Wearable device maker Fitbit, the NYSE's newest member, faces some serious challenges from some big names, analysts told CNBC on Thursday as the company went public.
"They come out of the gate as a public company with the highest brand recognition in the market … that's a big advantage," CLSA senior analyst Ed Maguire said in an interview with CNBC.
By some accounts, Fitbit has about 85 percent share in its U.S. market, Maguire said. But they're competing with smartwatches from Apple and Garmin on the high end, Xiaomi on the low end, as well as watches running Google's Androidwear operating system, he noted.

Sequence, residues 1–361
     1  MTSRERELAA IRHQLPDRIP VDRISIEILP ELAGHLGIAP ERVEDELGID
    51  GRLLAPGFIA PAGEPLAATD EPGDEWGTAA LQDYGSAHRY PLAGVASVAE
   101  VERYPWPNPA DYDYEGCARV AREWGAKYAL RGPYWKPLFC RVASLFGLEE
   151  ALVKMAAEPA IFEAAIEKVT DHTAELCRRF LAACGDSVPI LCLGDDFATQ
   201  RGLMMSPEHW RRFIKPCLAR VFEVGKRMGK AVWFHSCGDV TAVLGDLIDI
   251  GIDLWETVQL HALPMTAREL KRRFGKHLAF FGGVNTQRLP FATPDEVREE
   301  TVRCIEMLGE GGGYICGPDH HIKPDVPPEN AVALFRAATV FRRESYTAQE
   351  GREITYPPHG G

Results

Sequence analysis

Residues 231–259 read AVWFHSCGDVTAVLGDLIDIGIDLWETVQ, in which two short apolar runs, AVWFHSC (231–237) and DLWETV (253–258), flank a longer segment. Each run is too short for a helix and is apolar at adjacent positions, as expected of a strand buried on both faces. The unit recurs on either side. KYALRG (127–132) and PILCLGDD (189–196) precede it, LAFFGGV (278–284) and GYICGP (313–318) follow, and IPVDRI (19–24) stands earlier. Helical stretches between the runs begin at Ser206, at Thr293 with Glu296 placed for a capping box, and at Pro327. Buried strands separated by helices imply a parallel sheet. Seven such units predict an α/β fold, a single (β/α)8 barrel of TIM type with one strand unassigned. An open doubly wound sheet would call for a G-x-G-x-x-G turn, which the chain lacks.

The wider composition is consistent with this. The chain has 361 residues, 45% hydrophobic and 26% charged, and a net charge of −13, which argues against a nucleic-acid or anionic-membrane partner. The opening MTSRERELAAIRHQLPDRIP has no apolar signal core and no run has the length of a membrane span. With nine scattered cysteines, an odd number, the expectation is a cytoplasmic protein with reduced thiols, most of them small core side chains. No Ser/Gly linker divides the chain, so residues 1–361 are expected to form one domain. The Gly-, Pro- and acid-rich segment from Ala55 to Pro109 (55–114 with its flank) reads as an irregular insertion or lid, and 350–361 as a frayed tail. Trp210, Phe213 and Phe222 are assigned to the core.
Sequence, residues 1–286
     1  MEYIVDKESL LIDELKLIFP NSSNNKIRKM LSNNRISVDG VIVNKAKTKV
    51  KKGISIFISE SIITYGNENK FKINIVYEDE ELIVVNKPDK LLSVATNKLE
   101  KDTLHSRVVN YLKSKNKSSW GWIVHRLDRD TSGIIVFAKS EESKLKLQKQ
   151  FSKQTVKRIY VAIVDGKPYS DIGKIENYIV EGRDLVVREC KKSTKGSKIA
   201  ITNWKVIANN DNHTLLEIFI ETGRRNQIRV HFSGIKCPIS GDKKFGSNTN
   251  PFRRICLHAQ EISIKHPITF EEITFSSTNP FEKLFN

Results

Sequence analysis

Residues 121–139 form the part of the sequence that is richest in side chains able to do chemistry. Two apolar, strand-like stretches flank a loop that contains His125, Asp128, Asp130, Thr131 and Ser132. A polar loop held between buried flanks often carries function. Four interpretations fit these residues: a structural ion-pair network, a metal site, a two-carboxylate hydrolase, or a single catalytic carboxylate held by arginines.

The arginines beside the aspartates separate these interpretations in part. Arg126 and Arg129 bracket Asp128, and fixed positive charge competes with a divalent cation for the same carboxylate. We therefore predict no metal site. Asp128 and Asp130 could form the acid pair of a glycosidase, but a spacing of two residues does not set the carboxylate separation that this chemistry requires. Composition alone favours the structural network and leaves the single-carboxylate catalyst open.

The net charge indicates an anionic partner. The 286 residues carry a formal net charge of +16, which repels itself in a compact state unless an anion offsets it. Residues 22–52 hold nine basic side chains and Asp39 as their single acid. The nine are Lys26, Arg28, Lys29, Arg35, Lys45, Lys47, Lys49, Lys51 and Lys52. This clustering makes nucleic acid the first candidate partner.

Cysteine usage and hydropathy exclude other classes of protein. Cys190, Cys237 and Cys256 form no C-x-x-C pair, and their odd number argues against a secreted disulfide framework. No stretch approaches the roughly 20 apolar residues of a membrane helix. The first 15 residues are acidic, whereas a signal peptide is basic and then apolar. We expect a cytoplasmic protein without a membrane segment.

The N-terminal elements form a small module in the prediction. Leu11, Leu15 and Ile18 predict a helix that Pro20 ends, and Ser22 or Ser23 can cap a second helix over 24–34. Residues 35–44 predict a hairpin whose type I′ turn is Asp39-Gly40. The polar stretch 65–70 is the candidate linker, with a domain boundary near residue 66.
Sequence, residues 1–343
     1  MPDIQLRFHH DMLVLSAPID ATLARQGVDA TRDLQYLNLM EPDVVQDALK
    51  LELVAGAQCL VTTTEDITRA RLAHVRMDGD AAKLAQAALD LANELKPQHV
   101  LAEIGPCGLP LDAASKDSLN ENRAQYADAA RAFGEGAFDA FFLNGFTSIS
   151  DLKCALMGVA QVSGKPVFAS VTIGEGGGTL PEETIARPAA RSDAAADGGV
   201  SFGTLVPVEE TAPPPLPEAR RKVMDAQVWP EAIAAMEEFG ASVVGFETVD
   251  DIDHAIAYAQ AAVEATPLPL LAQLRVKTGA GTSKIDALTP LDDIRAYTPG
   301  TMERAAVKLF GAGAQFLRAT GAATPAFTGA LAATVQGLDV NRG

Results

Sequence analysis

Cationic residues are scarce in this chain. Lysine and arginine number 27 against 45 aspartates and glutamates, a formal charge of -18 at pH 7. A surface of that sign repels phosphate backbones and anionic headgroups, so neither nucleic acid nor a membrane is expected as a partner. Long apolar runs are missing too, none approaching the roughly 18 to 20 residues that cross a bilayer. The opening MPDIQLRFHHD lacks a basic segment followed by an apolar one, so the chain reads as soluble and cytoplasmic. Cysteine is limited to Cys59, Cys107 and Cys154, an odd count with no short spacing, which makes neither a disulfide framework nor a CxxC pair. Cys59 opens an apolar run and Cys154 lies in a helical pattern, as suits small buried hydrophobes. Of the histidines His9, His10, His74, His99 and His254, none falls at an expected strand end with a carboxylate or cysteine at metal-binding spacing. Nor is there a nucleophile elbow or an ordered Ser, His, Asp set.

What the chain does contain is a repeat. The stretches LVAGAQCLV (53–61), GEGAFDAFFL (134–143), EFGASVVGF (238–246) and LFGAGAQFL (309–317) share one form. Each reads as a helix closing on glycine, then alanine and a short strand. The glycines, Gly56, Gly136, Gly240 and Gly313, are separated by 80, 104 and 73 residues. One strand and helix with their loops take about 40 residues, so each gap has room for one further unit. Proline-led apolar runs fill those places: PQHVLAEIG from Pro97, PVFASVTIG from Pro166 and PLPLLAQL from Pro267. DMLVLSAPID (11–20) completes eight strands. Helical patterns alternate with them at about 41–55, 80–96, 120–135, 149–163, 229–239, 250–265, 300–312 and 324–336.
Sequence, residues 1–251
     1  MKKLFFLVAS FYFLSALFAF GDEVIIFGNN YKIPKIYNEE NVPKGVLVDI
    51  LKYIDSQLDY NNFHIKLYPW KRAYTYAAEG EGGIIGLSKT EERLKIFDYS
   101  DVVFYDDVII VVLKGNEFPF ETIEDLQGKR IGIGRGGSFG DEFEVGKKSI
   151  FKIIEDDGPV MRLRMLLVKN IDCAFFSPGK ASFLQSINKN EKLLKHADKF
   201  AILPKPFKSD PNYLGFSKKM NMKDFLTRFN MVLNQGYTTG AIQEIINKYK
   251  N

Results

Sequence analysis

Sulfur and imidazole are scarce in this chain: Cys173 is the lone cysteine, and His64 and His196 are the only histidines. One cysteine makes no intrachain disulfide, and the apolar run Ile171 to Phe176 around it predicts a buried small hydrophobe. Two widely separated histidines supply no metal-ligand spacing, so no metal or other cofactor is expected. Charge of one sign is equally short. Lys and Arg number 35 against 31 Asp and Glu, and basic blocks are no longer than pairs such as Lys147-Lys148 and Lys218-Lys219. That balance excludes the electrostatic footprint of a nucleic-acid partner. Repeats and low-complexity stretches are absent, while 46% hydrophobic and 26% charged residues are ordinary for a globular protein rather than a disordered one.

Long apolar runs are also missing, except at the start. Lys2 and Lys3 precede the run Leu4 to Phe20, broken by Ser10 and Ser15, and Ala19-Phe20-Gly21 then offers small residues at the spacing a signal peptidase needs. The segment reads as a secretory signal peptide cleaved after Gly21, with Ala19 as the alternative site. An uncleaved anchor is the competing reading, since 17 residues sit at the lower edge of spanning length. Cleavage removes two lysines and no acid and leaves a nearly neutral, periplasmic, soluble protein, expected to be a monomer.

In order to gain an edge overthe competition, Fitbit will need to build out its platform forthird-party applications, Maguire said.
"The test in the public markets will be their ability to execute over the next few quarters," he added.
But investors may want to avoid the stock completely, according to Trip Chowdhry, managing director of equity research at Global Equities Research.
Fitness trackers from Xiaomi are priced at less than $20 while Fitbit's gadgets are closer to $100 or more. Consumers are highly price sensitive, Chowdhry said.